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November 24th, 2015 · Leave a Comment

Preventing Hockey Injuries

By ddouda ddouda

hockey player falling on the ice
From peewees to the pros, and every level in between, hockey season is in full swing. Although hockey's often considered a risky sport for injuries, Mayo Clinic Sports Medicine experts say smart precautions and top-notch training can lower the odds of getting hurt — while also greatly improving a player’s skills. Here’s Dennis Douda for the Mayo Clinic News Network.

Journalists: The broadcast quality package is available in the downloads. Click here to read the script. 

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Tags: #Newsapp, Athletes Performance, Dr. Michael Stuart, EXOS, HL, hockey, Joe Eischen, Pkg, Shawn Vinz, sports medicine

January 30th, 2015 · Leave a Comment

Mayo Clinic Health Letter: Highlights from the January 2015 Issue

By briankilen briankilen

ROCHESTER, Minn. ― Here are highlights from the January issue of Mayo Clinic Health Letter. You may cite this publication as often as you wish. Reprinting is allowed for a fee. Mayo Clinic Health Letter attribution is required. Include the following subscription information as your editorial policies permit: Visit or call toll-free for subscription information, 1-800-333-9037, extension 9771. Full newsletter text: Mayo Clinic Health Letter January 2015 (for journalists only).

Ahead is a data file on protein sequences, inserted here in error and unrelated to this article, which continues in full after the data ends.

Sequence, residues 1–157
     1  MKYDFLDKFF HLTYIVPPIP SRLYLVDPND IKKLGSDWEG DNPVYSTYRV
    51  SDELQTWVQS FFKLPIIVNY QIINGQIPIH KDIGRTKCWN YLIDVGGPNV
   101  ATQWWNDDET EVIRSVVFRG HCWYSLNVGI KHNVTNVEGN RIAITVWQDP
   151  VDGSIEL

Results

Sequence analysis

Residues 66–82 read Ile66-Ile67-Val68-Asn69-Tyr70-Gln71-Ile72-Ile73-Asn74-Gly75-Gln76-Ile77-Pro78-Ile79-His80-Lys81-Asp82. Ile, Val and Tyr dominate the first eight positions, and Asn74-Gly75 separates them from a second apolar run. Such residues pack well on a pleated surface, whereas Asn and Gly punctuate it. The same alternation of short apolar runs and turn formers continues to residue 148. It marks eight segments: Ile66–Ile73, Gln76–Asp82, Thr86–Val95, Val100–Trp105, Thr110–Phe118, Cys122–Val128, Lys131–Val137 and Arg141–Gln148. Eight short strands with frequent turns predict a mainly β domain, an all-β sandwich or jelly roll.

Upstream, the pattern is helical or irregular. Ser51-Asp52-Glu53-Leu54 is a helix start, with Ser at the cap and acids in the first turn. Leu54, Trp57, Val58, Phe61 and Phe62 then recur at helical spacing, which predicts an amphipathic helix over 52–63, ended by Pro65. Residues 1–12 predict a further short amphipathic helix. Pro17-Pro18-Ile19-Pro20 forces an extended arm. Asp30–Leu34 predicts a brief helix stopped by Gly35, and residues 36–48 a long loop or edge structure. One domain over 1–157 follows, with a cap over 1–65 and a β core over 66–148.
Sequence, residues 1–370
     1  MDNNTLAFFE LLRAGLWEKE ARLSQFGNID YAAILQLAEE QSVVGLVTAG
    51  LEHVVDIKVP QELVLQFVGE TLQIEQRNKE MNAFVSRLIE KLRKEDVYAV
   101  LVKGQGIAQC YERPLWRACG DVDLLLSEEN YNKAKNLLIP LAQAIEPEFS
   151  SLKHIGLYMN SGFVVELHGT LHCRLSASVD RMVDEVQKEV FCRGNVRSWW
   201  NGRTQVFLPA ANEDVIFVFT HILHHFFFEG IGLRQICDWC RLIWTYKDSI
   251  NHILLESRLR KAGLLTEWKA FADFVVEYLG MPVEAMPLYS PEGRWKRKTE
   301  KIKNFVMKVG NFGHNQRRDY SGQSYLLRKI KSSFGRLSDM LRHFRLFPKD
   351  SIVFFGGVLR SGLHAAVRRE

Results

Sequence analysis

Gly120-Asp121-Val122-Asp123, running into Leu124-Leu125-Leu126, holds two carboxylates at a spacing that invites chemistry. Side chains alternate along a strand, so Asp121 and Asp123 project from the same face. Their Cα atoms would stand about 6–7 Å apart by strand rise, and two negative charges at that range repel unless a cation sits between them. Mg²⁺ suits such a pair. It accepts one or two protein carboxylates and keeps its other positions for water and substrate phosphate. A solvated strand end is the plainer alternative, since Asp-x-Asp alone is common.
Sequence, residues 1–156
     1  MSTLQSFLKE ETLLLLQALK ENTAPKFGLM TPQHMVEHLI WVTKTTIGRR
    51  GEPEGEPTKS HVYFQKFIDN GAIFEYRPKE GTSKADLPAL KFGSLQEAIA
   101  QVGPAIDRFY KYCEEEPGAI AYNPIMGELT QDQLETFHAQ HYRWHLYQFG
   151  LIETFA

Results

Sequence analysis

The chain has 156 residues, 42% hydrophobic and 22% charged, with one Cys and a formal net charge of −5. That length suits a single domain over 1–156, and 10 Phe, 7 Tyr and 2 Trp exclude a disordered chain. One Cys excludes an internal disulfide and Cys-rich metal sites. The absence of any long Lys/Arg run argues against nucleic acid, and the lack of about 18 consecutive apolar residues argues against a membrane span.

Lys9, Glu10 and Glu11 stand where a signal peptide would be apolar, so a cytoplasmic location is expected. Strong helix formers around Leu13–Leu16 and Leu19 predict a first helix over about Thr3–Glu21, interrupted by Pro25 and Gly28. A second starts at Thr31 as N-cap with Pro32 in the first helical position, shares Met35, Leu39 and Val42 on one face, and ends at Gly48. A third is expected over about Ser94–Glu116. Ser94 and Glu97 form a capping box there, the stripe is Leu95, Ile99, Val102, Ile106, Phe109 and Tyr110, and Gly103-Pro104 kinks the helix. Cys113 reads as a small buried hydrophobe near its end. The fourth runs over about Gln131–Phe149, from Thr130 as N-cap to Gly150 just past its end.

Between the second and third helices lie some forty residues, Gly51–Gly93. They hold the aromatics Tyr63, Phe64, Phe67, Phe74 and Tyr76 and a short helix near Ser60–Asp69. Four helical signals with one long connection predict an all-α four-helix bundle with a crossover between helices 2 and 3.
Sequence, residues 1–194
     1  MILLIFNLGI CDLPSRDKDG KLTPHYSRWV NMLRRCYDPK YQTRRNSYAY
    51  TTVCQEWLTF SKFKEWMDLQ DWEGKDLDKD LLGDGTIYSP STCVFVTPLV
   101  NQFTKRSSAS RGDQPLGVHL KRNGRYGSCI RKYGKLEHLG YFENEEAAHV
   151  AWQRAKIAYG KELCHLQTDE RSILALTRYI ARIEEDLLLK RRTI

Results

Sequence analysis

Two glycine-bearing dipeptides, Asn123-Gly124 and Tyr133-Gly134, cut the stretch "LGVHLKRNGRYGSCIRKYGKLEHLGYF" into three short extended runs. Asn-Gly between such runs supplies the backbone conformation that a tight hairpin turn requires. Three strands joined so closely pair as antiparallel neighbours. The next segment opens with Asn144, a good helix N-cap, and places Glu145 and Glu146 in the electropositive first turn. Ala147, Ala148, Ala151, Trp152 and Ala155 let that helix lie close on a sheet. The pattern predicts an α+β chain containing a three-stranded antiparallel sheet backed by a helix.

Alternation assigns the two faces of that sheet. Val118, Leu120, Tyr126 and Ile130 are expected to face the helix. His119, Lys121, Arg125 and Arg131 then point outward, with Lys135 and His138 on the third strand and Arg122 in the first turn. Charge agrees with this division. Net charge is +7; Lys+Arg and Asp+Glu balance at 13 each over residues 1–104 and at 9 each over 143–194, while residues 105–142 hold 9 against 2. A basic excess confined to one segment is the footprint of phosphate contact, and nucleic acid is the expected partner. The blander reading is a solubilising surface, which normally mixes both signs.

Wrist fractures: Treatment decisions not always straightforward

wrist pain photo (2)Treatment decisions for wrist fractures quickly can become complicated, according to the January issue of Mayo Clinic Health Letter.

The wrist is made up of eight small bones at the base of the hand and two in the forearm ― the radius and ulna ― that connect the elbow to the wrist bones. Any one of these bones can be fractured; a wrist fracture is a widely variable injury.

One of the primary decisions is the choice between nonsurgical and surgical treatment. Sometimes the choice is clear, and sometimes it’s not. Factors to consider include overall health, lifestyle, ability to tolerate surgery and the desire for a fully functioning wrist. Read the rest of this entry »

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Tags: hip replacement, joint injury, knee surgery, Mayo Clinic Health Letter, Minnesota news release, News Release, Shoulder Replacement, sports injuries

July 25th, 2014 · Leave a Comment


By danasparks danasparks

montage of Mayo Clinic Radio pictures

If you have shoulder problems the next Mayo Clinic Radio is for you!  On Saturday, July 26, at 9 a.m. CT, John Sperling, M.D., will join us to discuss the many causes of shoulder pain. What do you know about shoulder bursitis, tendinitis and something called Wiiitis? How are torn rotator cuffs diagnosed and repaired? We'll discuss a new option for patients with arthritis called reverse arthroplasty. Join us!